MKO Abiola’s 5 un-used Economic Theories

MKO Abiola on NTA Life Style Show with Late Livy Ajunuma and a lady presenter during his Hope 93 Campaign

“Why are you so worried? You knew all along that the
association would end up in court. Or why else did you think that they claimed
to be gathering signatures?”
Kudirat was talking to Moshood,
who had decided to stay home after receiving the alarming news that The
Association for a Better Nigeria
had gone to court to stop the
elections. Although she had rightfully said that he knew that this was the
organization’s aim from the onset, it was now obvious that he had been holding
on to a tiny ray of hope that the group might have jettisoned the idea since
the elections were so close at hand. He did not respond to her question. So, Kudirat
was quick to add, “But there is a
military decree that you once told me about, the one that stops even the courts
from halting the election. Have you forgotten about it? If it does exist, we
have nothing to fear, right?”

MKO Abiola launches his HOPE 93 Campaign amidst pomp and promises

Moshood nodded his head
reluctantly, and after a long while, he answered. “That decree does exist but that’s not the problem”.  He paused as if he was trying to arrange
his thoughts. “Laws and decrees only
carry weight in countries governed by law and order. Nigeria today is sadly not
one of them. How can it be, with the sort of leadership it has?”
bitterness was obvious and frightening. She had never heard him sound that way. “That is why I have to make sure that even
if I don’t become president, I succeed in putting an end to this regime”.

MKO Abiola; The Star boy from Abeokuta

His words stung.
All along she had believed that she and her husband were on a political mission
but all of a sudden, she realized that it might soon turn into a crusade. She
had made enormous sacrifices for his political ambition. She had deployed her
knowledge of the language and culture of northern Nigeria, the place of her
birth and childhood, to his campaign efforts in that region and had spent
millions of naira, Nigeria’s local currency, of her own money to fund
some of his activities in the north. She took these actions against the stem
advice of many of her close friends who believed she was making too many sacrifices
for a husband who had other wives. But their remarks never had any impact on
Finding her
voice, she asked, “So what is the
worst-case scenario? And is there anything we can do to stop it from turning
into a reality?”
She sounded
different. Her tone was bold, confident, and defiant. He had never heard her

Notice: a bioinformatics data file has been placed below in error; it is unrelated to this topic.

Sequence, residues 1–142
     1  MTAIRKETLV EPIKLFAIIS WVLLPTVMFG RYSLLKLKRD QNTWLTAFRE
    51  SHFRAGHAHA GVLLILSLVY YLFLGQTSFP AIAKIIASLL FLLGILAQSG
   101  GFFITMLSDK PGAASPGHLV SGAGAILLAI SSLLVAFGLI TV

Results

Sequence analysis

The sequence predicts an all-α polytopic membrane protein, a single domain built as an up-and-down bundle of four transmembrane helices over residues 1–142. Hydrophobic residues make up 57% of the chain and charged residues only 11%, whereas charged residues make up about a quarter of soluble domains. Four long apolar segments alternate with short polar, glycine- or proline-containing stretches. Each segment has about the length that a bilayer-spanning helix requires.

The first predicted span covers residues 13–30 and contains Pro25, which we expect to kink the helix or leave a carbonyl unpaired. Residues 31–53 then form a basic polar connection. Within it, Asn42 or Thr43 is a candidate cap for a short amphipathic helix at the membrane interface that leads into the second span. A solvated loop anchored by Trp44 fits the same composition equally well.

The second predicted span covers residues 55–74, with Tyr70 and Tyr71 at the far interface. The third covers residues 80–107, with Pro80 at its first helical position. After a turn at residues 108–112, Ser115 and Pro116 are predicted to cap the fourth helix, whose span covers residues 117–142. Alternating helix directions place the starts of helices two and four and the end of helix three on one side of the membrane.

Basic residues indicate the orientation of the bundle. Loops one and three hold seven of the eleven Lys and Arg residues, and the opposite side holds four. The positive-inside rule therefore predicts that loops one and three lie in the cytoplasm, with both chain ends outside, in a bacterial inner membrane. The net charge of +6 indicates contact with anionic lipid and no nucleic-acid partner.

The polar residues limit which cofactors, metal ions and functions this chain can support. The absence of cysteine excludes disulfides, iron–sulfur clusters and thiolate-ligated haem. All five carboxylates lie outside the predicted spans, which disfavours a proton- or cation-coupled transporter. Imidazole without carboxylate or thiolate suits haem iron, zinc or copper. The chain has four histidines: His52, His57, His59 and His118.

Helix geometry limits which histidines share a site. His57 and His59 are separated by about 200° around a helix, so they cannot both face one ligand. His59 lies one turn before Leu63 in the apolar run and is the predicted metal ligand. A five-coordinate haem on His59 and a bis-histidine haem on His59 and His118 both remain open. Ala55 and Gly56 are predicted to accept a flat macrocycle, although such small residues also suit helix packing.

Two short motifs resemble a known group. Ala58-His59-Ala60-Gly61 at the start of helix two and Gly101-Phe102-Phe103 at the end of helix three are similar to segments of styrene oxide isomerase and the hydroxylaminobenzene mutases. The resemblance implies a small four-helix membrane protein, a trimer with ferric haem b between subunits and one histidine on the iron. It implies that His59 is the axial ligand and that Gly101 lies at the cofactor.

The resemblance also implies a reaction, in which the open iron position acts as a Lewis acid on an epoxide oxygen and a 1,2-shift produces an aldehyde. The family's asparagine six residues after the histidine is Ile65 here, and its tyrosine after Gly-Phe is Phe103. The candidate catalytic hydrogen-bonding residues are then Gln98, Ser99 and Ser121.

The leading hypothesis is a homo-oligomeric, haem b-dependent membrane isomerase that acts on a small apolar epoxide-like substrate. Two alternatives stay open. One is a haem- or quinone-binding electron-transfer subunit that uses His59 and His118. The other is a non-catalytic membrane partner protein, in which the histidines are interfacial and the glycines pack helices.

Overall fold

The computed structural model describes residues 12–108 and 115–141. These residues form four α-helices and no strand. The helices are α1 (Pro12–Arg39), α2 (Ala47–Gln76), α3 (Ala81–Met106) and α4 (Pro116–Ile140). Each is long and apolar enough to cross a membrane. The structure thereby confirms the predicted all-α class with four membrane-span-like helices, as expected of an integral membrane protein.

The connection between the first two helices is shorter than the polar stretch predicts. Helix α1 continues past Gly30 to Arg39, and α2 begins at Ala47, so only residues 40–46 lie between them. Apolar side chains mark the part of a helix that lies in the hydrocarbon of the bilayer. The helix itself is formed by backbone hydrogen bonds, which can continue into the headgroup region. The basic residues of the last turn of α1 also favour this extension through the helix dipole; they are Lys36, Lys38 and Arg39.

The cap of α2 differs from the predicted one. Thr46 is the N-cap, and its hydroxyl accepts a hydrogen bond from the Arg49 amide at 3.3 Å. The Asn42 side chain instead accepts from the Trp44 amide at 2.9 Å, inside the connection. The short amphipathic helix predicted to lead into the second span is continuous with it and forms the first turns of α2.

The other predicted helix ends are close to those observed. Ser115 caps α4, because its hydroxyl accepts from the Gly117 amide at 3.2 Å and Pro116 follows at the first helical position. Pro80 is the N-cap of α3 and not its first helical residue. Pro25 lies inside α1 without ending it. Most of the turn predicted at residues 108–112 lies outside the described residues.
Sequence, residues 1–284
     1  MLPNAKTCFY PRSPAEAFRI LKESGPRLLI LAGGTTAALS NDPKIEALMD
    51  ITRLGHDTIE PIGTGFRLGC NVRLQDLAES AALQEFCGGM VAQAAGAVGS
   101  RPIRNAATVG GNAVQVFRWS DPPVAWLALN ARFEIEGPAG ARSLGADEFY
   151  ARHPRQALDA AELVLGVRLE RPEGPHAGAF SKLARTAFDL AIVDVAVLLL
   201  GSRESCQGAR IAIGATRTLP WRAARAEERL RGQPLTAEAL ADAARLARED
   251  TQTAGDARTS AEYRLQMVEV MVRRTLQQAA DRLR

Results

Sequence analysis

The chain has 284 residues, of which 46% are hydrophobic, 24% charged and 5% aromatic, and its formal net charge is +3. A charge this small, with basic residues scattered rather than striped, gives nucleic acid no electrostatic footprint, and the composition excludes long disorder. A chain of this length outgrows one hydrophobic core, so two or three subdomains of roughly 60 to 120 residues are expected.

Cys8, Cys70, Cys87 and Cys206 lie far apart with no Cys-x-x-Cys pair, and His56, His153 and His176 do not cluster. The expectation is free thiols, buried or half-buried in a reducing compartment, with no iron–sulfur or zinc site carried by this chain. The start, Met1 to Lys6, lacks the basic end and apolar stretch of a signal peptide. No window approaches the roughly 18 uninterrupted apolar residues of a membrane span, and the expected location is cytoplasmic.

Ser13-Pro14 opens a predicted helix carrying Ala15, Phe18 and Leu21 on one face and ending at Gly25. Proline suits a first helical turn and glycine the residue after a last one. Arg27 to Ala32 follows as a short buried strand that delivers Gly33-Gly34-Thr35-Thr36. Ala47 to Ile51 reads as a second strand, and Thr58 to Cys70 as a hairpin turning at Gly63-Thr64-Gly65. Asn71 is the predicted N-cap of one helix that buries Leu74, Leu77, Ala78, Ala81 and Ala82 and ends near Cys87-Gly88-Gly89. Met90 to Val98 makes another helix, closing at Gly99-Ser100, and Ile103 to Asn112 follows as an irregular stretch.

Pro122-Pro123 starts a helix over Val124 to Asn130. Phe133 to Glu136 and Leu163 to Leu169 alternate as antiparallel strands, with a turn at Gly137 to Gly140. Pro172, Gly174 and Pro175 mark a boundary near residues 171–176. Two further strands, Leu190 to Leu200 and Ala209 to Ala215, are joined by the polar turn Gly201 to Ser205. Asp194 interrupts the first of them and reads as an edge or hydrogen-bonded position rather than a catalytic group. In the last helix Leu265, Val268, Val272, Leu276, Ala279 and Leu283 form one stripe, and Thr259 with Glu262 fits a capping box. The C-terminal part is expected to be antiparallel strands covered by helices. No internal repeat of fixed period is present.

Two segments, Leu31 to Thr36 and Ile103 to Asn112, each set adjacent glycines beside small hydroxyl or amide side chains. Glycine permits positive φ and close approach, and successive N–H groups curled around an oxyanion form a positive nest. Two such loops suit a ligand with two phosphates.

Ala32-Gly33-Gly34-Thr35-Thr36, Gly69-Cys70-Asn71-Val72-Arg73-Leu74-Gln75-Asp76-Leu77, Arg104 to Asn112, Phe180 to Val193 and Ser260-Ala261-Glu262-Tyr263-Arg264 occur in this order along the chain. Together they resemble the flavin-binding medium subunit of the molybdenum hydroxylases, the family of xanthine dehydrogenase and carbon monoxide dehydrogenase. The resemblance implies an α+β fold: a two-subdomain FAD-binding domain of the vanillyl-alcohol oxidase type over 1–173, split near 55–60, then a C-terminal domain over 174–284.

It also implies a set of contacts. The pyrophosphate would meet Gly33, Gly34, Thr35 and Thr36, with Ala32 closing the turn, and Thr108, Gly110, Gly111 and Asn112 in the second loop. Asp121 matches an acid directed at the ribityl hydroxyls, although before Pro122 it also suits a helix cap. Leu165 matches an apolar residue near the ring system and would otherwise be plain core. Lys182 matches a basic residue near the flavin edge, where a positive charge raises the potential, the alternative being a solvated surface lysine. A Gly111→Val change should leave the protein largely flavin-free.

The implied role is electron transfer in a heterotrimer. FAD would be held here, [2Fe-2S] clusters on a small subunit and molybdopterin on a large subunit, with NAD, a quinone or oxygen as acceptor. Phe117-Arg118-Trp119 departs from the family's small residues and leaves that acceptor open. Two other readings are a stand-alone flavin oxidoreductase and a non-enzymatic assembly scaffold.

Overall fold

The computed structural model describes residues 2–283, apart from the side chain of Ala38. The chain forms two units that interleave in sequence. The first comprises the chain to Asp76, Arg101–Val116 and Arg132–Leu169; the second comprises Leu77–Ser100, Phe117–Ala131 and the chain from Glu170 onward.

sound like that before. He glanced at her in astonishment for a few seconds. “The answer to your second question is nothing. The
government remains the alpha and the omega till the elections are held. There
is absolutely nothing we can do for now”.
He began to frown as an
analytical look crept up his face. “But
as for the worst-case scenario, there are many possibilities, the most awful of
which is that the military will induce the court to rule against the holding of
the elections then set up a panel to interpret the court’s ruling and decide
whether the court erred in issuing it. Of course the findings of that panel
will not be concluded and disclosed until after the election date has passed.
Once again, this is just one example of a possible worst-case scenario. All we
can at this stage is to think less and pray more”

The Author, Abdul Jamiu Abiodun Abiol

Kudirat did not like
the sound of that. “Why are we so
helpless? I am sure we can do more than just pray. After all, God helps those
who help themselves”
Once again her
defiant tone stunned Moshood. Although it gave him
courage, he regretted telling her so much. He knew that she was a very
sensitive woman. Holding her hands, he ended the conversation by saying, “God
is in control. If it is my destiny to rule, no one can stop me. I hope and pray
that it is my destiny, don’t worry … Let me take a short nap”.

“Our biggest mistake has always been that we don’t
connect corruption to armed robbery and other social ills. We have still not
realized that corruption is the father and all these ills are merely its
offspring … Well, I recognize this link and will break and destroy it so that
we can be liberated from poverty and backwardness”

They never spoke
about the matter again. In the days ahead, Moshood shifted his focus to his campaign
once more, focusing on issues to which he felt that he had previously not given